I got this question right without diagramming, bc for some reason it just made sense and linked up in my head correctly that if those companies who dont offer products which attract customers go bankrupt, and the companies that dont offer best quality nor lowest prices go bankrupt, then it must be that companies that don't offer best quality nor lowest prices don't attract the customers.
I'm a little stressed however because looking at C now, I can see how on a real exam and under major time constraints I can get confused and choose that.
After diagramming I can see how C would be a mistaken negation, but just in case I don't have time to diagram, is there anything I could have thought of in my head alone to stop me from choosing C over B when linking them in my head?
#13- Consumers seek to purchase highest quality
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Why wouldn't you have time to diagram, akanshalsat? If I were to put on my "tough love" hat, I would say that it sounds like you are saying "I don't have time to get the right answer because I am too busy getting wrong ones". I'm not picking on you - I say that to everyone who ever says something about not having time to do things the right way, to prephrase, to sort losers and contenders, and to confidently and accurately pick the best answer. If you don't have time to do a diagram of a complex conditional stimulus (and it's not one that you can easily diagram in your head), that means that you are doing the last question that you are going to do for the section you are working on and you have less than 30 seconds remaining. If you have more time than that, then you have time to do a diagram and ensure a right answer! Otherwise, that means you are rushing, trying to cram in a few answers without being careful and accurate. What's the point of that? Work at your most accurate pace and no faster, ever, and while you may end up answering fewer questions that way, you will end up with more correct answers.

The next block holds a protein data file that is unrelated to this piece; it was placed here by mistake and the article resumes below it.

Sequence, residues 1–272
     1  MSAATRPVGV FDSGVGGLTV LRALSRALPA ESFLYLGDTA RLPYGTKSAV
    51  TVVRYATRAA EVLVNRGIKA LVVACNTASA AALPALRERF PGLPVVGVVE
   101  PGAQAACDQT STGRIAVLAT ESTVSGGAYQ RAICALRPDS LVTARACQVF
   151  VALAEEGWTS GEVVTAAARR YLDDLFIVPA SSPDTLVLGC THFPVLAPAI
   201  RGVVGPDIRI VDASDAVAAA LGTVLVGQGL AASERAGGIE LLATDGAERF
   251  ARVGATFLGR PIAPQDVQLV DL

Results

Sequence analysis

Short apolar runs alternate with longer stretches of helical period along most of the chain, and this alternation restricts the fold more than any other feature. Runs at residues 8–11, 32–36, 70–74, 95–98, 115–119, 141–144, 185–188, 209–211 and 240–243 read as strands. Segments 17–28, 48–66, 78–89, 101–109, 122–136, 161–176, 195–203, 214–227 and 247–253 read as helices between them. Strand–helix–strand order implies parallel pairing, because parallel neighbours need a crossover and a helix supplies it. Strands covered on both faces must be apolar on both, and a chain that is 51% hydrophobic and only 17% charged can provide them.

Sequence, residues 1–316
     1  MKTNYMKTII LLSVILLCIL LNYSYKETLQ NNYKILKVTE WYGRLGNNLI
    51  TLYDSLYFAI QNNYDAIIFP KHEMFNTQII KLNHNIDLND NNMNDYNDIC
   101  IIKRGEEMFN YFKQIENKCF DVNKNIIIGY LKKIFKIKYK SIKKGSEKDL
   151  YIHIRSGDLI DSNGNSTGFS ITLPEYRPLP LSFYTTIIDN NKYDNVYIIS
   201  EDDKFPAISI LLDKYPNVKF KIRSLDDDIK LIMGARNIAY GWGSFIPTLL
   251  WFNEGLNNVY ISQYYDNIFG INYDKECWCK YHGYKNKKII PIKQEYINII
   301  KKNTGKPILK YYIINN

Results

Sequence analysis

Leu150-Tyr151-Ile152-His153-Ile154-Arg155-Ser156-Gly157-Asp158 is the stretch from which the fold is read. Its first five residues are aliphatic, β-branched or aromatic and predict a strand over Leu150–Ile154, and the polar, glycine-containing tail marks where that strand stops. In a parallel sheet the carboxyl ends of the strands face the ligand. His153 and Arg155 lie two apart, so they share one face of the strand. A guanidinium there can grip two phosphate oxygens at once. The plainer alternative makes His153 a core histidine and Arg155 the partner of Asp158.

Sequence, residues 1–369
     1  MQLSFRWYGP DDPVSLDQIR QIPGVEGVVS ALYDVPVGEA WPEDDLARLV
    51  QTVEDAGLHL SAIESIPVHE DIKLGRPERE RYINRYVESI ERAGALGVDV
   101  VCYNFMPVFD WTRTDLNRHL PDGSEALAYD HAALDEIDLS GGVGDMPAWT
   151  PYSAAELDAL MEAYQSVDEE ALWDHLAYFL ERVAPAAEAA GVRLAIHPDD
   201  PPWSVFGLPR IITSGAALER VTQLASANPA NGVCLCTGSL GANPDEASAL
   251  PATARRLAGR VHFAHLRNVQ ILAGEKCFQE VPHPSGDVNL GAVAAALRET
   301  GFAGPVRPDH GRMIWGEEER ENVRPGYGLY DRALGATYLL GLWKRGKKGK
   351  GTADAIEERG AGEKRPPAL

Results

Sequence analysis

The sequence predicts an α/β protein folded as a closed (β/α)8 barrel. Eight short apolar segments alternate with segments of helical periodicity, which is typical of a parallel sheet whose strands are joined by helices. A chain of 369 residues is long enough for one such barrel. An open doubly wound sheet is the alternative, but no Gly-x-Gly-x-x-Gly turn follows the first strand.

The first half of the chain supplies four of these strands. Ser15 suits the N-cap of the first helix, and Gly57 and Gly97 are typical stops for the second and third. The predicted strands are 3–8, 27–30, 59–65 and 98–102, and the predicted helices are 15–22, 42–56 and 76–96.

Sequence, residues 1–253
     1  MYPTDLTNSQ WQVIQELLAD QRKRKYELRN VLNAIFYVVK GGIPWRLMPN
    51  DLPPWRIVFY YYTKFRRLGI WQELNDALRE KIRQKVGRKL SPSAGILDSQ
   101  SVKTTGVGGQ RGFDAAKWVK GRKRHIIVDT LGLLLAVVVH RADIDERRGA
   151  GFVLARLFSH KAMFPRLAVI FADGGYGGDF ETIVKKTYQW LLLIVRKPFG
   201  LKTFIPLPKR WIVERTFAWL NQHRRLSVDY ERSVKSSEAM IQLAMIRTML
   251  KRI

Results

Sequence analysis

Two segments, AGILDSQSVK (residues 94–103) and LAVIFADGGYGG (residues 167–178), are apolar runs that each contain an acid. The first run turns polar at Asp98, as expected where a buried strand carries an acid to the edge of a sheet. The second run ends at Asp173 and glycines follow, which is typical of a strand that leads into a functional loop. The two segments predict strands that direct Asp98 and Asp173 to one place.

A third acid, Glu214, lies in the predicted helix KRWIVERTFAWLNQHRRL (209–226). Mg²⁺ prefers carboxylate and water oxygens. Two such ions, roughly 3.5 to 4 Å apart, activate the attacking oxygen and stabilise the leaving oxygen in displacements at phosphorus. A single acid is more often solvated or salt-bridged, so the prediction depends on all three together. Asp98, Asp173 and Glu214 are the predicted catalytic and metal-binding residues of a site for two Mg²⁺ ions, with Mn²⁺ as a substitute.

Now, all that said, there is something you can do here and on many, many LR questions that will save you time and make diagramming a little less necessary sometimes. That's to take note of anything new that shows up in the conclusion. In this case, the new element is not offering best quality of lowest price. Now, connect that to something that was in the premises but not in the conclusion - in this case, that would be attracting consumers. Notice that going bankrupt is common to the premise and the conclusion, so that's not going to be an essential element of the correct answer.
Now that you can see the two "rogue" elements, connect them! Find an answer that links attracting consumers to offering best quality or lowest prices. Only answer B does that, so pick it and move along! What's wrong with answer C? It talks about bankruptcy, which we didn't need (because it was common to both the premise and the conclusion), and it left out attracting consumers (which we needed).
When a diagram is called for and would help you, do it! Take the time to do things the right way so that you can confidently and accurately select the right answer. Never rush!
Adam M. Tyson
PowerScore LSAT, GRE, ACT and SAT Instructor
Follow me on Twitter at https://twitter.com/LSATadam
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